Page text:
Rosemary, you might have the cart before the horse. The govt, police, security services, etc hire staff based on psyche testing, with different areas of deployment demanding different criteria be met in testing. A few weeks ago I watched three men exit Coles and I guessed from their slovenly appearance that they must be casuals (trolley collectors or shop security) hung over from the previous night. My next thought was that Coles previously higher standards of staff hire are slipping. As they got closer they morphed into uniform police. Is it possible these kinds of staff are now being employed for their proven ability to float along in life, perfect candidates for taking orders without thinking things through?
    The question is, if so, who are the idiots ordering psyche tests that lead to this result? On the topics of idiots, did anyone see that copy of Kloun Schwabs book ‘The Great Reset’ on the Health Ministers bookshelf (posted on instagram) last week?

  4. Geoff Andrews

    Look, let’s be fair here: they mightn’t shape up all that well in maths (I suppose because it requires logical thinking), BUT they do excel in english because they speak earlier than boys and are better readers, not being interested in rough and tumble outdoor games like boys,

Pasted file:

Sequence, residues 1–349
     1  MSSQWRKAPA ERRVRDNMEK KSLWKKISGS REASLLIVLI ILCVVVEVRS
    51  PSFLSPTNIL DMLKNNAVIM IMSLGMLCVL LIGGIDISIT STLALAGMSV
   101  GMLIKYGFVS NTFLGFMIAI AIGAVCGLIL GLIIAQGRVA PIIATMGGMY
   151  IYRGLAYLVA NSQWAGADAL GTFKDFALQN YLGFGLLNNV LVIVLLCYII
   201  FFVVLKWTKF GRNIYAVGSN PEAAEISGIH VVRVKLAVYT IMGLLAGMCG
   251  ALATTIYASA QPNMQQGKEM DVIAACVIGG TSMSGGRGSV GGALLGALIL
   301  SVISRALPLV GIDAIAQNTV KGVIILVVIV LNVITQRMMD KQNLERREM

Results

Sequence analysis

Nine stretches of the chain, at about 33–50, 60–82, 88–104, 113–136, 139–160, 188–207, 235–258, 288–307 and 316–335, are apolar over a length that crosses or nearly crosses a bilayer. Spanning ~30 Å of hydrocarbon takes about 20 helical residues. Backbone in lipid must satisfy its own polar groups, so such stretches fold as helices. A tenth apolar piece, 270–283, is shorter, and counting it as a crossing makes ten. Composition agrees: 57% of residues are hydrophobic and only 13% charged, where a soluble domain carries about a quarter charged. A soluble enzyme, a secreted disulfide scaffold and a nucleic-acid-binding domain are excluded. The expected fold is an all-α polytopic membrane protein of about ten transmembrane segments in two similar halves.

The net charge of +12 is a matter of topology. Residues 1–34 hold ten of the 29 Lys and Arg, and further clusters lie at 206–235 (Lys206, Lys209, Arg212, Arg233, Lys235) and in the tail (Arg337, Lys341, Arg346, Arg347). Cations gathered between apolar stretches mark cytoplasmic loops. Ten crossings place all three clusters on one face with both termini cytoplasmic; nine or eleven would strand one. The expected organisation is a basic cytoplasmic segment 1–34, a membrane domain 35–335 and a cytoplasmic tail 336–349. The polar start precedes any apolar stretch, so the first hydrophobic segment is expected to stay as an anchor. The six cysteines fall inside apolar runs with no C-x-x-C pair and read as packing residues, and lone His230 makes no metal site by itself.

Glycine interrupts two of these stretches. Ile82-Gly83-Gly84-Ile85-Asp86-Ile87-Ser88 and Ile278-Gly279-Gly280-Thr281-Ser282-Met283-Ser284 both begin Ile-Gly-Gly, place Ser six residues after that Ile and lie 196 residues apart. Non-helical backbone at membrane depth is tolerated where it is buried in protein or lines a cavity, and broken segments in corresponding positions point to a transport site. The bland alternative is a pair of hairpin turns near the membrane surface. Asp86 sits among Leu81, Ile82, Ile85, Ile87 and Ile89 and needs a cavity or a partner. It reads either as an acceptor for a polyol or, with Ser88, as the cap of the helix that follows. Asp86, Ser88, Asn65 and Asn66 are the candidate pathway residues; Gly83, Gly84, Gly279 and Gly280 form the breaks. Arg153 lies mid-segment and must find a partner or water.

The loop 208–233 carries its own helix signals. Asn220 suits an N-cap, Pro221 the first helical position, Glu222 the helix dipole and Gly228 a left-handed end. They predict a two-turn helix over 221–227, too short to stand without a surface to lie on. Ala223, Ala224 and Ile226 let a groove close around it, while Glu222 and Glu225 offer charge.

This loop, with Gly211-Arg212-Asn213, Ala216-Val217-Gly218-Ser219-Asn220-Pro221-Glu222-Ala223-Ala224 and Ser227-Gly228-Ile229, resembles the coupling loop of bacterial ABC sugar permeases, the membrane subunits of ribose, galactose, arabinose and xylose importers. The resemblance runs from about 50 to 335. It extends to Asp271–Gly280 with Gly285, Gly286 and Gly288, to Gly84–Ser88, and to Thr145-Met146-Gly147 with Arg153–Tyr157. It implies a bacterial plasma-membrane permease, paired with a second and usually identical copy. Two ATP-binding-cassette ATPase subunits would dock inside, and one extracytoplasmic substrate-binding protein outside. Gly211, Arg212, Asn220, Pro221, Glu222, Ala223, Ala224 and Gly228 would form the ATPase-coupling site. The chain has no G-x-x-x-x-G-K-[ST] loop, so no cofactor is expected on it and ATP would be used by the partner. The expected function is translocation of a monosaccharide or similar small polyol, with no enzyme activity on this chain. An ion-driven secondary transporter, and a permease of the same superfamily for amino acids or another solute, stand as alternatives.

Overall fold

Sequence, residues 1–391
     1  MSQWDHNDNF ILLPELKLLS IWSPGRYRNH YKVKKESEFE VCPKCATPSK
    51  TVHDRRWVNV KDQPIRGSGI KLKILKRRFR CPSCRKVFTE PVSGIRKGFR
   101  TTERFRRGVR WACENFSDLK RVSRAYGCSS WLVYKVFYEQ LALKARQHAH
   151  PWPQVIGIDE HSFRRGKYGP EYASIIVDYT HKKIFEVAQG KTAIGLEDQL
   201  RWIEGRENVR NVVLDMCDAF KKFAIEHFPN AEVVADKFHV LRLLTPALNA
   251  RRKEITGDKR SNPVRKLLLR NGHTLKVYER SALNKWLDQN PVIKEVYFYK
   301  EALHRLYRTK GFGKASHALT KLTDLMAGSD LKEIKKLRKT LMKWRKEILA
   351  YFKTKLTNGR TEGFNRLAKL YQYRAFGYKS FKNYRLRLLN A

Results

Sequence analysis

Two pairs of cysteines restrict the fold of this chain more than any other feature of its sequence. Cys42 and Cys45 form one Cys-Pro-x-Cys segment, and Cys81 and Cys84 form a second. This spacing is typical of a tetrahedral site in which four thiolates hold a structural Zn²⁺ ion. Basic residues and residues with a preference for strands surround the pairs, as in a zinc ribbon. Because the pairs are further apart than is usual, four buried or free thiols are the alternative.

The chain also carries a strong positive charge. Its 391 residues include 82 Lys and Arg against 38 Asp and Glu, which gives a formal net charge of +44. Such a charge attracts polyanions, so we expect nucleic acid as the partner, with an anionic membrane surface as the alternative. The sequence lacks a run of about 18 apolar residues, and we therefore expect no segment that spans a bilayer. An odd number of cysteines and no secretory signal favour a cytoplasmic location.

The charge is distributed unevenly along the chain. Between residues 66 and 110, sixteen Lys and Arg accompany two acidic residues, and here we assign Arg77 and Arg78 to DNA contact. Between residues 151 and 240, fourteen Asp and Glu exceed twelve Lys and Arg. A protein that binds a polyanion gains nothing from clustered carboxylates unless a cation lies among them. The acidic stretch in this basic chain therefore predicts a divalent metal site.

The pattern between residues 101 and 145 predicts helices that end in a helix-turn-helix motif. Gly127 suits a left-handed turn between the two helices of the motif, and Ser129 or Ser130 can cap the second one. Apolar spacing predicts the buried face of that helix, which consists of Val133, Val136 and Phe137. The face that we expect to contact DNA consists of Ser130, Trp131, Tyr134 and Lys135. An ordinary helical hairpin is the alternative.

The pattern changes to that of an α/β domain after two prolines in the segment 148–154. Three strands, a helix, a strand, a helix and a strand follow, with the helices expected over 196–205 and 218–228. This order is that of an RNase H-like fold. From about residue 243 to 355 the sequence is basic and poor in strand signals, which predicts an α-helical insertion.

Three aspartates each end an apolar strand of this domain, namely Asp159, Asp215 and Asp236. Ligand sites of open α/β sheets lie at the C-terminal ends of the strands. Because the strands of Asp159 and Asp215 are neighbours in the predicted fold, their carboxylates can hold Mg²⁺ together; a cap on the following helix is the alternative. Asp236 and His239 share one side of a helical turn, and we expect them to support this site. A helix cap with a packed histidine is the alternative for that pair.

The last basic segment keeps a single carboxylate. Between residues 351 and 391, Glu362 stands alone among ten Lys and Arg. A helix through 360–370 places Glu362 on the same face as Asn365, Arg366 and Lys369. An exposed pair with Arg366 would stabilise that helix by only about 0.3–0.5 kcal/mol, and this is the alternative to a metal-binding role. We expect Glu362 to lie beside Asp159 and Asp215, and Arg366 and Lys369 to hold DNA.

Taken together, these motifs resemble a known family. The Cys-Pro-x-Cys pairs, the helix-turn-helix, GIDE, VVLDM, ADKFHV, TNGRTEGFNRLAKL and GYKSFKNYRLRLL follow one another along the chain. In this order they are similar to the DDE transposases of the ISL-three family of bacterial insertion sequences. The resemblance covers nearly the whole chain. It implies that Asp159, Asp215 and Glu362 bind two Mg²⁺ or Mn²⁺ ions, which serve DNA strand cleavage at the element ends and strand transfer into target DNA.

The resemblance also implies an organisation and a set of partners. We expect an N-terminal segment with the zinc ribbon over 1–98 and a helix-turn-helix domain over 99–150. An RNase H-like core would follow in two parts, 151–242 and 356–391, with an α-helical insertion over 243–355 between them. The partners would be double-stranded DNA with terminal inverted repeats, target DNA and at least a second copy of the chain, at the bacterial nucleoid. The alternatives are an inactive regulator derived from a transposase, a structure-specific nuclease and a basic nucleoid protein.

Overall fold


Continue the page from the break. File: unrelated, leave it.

Now that I have aroused your indignation and removing tongue from cheek (you’ve got to see it to believe it, Phil!), consider the cohort of Australian males born between 1994 and 1999. All their life they’ve been told by the MSM that we have been at war with Muslims, the “bad guys”. From about the age of ten, they have had access to, have become quite proficient in and are quite possibly psychologically addicted to violent, realistic computer games, in which the gamester sights along the barrel of a gun, pursues & kills the “enemy”, dressed in Muslim clothing. Statistically, half of them have parents who believe Muslim asylum seekers are such a danger to our country that they should be stored for life on remote islands. About ten percent are enjoying long term unemployment.
    Some join the Army; are trained to obey and kill then sent to Afghanistan. What could go wrong?